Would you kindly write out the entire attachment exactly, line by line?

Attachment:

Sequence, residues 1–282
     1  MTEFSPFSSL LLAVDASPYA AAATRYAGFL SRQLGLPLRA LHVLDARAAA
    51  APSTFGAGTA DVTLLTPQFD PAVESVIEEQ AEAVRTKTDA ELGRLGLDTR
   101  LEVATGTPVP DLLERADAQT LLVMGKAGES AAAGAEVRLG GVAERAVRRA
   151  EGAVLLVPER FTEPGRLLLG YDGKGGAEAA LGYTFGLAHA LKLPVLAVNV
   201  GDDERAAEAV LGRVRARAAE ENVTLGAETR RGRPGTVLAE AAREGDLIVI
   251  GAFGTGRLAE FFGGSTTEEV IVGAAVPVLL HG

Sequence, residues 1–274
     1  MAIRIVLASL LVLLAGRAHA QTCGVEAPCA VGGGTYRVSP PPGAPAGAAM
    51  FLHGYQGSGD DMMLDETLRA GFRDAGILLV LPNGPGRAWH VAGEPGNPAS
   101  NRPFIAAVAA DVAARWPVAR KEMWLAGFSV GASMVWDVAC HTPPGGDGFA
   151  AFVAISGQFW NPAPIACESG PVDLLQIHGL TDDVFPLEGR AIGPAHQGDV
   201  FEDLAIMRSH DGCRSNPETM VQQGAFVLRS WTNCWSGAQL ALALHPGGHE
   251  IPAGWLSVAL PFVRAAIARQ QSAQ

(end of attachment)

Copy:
Sequence, residues 1–282
     1  MTEFSPFSSL LLAVDASPYA AAATRYAGFL SRQLGLPLRA LHVLDARAAA
    51  APSTFGAGTA DVTLLTPQFD PAVESVIEEQ AEAVRTKTDA ELGRLGLDTR
   101  LEVATGTPVP DLLERADAQT LLVMGKAGES AAAGAEVRLG GVAERAVRRA
   151  EGAVLLVPER FTEPGRLLLG YDGKGGAEAA LGYTFGLAHA LKLPVLAVNV
   201  GDDERAAEAV LGRVRARAAE ENVTLGAETR RGRPGTVLAE AAREGDLIVI
   251  GAFGTGRLAE FFGGSTTEEV IVGAAVPVLL HG

Sequence, residues 1–274
     1  MAIRIVLASL LVLLAGRAHA QTCGVEAPCA VGGGTYRVSP PPGAPAGAAM
    51  FLHGYQGSGD DMMLDETLRA GFRDAGILLV LPNGPGRAWH VAGEPGNPAS
   101  NRPFIAAVAA DVAARWPVAR KEMWLAGFSV GASMVWDVAC HTPPGGDGFA
   151  AFVAISGQFW NPAPIACESG PVDLLQIHGL TDDVFPLEGR AIGPAHQGDV
   201  FEDLAIMRSH DGCRSNPETM VQQGAFVLRS WTNCWSGAQL ALALHPGGHE
   251  IPAGWLSVAL PFVRAAIARQ QSAQ